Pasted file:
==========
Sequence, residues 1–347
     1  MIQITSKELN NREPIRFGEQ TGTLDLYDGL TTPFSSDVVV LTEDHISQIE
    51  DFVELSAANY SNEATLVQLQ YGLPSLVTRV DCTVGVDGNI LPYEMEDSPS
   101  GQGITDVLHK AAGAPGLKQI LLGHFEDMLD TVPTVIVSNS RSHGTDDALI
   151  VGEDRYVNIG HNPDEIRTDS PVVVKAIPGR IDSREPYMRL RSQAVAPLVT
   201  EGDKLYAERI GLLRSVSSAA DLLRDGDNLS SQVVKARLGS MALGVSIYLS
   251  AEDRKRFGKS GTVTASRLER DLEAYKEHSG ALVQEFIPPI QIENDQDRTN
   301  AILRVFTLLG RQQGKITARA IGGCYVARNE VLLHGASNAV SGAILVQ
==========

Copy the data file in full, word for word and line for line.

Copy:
Sequence, residues 1–347
     1  MIQITSKELN NREPIRFGEQ TGTLDLYDGL TTPFSSDVVV LTEDHISQIE
    51  DFVELSAANY SNEATLVQLQ YGLPSLVTRV DCTVGVDGNI LPYEMEDSPS
   101  GQGITDVLHK AAGAPGLKQI LLGHFEDMLD TVPTVIVSNS RSHGTDDALI
   151  VGEDRYVNIG HNPDEIRTDS PVVVKAIPGR IDSREPYMRL RSQAVAPLVT
   201  EGDKLYAERI GLLRSVSSAA DLLRDGDNLS SQVVKARLGS MALGVSIYLS
   251  AEDRKRFGKS GTVTASRLER DLEAYKEHSG ALVQEFIPPI QIENDQDRTN
   301  AILRVFTLLG RQQGKITARA IGGCYVARNE VLLHGASNAV SGAILVQ